Exploring Conceptualizations of Compassion in China and the U.S.
For the past three years, I have had the opportunity to be a research assistant in Dr. Birgit Koopmann-Holm's Culture Impacts Emotion Lab at Santa Clara University. My current research study explores what people in different cultures think a compassionate facial expression looks like.
The body of literature on culture and emotion suggests that people from different cultures perceive, experience, and regulate positive and negative emotions differently, especially compassion. While differences in expression of compassion have been studied through cultural products, only one other study has used a reverse correlation task to identify facial conceptualizations of compassion. Our research seeks to elucidate how people from different cultures conceptualize an appropriate facial expression in response to another’s suffering, which we attribute to the extent to which they want to avoid negative emotions. In particular, our samples address well-documented cultural differences between countries such as China and the U.S. as the basis for investigating the likelihood of differences between facial expressions of compassion.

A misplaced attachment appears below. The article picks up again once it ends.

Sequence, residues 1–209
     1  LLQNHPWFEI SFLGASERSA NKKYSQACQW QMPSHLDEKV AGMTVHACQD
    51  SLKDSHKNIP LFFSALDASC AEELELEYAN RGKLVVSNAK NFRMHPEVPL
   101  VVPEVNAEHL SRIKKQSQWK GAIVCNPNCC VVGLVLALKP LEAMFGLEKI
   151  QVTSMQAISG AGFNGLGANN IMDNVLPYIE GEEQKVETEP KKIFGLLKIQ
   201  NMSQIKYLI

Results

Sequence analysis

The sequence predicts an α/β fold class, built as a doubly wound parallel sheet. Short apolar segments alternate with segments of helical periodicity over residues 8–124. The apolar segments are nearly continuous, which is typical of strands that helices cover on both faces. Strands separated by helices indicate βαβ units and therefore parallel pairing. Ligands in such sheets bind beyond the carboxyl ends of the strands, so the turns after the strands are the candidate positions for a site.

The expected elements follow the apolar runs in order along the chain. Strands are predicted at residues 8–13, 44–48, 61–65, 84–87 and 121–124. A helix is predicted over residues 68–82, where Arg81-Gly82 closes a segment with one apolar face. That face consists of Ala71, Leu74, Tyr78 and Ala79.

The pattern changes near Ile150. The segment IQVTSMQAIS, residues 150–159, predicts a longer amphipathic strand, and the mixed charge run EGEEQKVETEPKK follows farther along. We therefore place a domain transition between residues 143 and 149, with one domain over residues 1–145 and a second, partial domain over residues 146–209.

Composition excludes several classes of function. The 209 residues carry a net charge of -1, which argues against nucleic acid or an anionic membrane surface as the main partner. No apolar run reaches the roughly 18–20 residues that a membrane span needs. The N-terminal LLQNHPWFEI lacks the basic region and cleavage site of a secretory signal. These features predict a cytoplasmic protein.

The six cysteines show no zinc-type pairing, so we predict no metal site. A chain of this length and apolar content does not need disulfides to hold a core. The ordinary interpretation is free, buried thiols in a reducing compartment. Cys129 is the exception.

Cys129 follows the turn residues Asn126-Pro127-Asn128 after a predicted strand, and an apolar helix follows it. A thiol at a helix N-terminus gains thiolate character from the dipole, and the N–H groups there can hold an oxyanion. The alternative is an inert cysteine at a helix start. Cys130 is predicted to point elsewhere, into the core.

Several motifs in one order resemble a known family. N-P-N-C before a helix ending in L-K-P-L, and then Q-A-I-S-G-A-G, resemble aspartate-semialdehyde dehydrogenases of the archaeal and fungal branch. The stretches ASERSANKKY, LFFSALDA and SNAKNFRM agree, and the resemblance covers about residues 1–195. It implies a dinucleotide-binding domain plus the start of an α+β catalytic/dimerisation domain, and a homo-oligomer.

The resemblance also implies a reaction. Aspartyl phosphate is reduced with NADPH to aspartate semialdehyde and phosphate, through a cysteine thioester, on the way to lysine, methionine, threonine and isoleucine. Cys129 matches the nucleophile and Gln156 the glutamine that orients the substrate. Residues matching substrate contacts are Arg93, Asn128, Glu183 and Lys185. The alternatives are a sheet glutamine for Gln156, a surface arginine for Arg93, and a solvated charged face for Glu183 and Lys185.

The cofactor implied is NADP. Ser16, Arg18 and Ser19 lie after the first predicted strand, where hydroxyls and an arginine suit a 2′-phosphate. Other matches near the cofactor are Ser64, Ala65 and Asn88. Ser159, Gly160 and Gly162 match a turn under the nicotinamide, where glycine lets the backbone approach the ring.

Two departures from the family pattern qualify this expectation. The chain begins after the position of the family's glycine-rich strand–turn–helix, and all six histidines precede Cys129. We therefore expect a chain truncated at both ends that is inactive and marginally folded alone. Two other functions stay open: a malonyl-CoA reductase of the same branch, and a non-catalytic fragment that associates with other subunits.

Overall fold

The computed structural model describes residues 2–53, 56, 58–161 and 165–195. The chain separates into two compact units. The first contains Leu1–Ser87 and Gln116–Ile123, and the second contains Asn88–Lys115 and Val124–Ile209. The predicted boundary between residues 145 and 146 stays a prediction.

Below is a poster I presented at the Harvard Women in Psychology Trends in Psychology Summit:
Below is my final presentation for PSYC 53L, a Psychology Research Methods course:
© 2021 Jia Seow